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Law360, London (June 16, 2020, 4:42 PM BST) -- Europe's markets watchdog has said it will concentrate on protecting the financial sector from the coronavirus pandemic in 2020, putting other mandates such as promoting sustainable finance and monitoring financial technology on the back-burner.
The European Securities and Markets Authority said on Monday that its immediate priority over the next year will be to help financial institutions and regulators weather the risks and challenges posed by COVID-19. The authority said it has revised its 2020 work program to reflect the change in focus to a coordinated European response to the crisis.
ESMA said in October that it would concentrate on establishing enhanced enforcement powers in sectors including technology, sustainable finance and stress-testing, a role it was handed by the European Supervisory Authorities. But the watchdog said on Monday that it will use 2020 to concentrate on its response to COVID-19.
"In order to respond adequately to the repercussions of the COVID-19 situation on the financial markets, a full assessment of ESMA activities for 2020 was undertaken," the authority said in its updated program for 2020. "Each activity in the originally planned 2020 annual work program was evaluated and assessed against criteria of relevance for the market and urgency."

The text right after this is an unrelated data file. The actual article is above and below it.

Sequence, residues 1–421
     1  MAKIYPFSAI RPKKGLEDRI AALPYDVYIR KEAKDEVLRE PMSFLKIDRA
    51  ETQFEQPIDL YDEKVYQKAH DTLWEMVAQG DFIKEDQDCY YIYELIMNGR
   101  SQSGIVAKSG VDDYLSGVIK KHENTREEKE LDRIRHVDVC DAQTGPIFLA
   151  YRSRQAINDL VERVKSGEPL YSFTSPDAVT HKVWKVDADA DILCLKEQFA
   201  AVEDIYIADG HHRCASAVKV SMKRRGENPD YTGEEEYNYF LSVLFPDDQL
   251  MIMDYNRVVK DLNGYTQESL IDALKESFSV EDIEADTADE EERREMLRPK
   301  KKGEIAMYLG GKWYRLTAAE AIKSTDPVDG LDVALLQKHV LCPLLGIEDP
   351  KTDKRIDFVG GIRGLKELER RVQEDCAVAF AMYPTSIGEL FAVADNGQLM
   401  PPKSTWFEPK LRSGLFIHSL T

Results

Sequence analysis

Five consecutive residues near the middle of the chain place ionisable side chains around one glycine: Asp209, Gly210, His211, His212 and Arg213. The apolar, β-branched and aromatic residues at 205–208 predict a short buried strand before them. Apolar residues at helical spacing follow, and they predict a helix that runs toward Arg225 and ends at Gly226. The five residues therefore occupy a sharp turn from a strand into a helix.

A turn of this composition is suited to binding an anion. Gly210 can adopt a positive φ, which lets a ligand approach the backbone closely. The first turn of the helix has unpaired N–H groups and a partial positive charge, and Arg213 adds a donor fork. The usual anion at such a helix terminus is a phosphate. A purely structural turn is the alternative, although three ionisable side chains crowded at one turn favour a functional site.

European lawmakers pushed through changes to regulations governing the bloc's three financial watchdogs, including ESMA, in 2019. The markets regulator has had direct oversight over financial instruments and benchmarks since January.
The watchdog also ensures that national regulators supervise financial technology, promoting sustainable finance and carry out stress tests consistently across Europe. But ESMA said its priority is to prevent risk to the financial sector as the European Union responds to the coronavirus crisis.
ESMA said it will also extend consultations on other areas to give financial institutions time to concentrate on the pandemic.
"ESMA has taken carefully calibrated regulatory actions during the COVID-19 crisis designed to ensure that markets remain stable and investors protected," ESMA's chairman, Steven Maijoor, said on Monday.
The markets regulator has already put in place tougher rules on short-selling during the crisis to help ensure financial stability. The temporary rules, which lower the threshold at which traders taking short positions must report those positions to regulators, will be in place until September.
Short selling — the tactic in which traders sell shares and plan to buy them back later at a lower price and pocket the difference — can drive share prices further down if the number of short sellers outweighs buyers, which is more likely during a global virus scare.
--Editing by Ed Harris.
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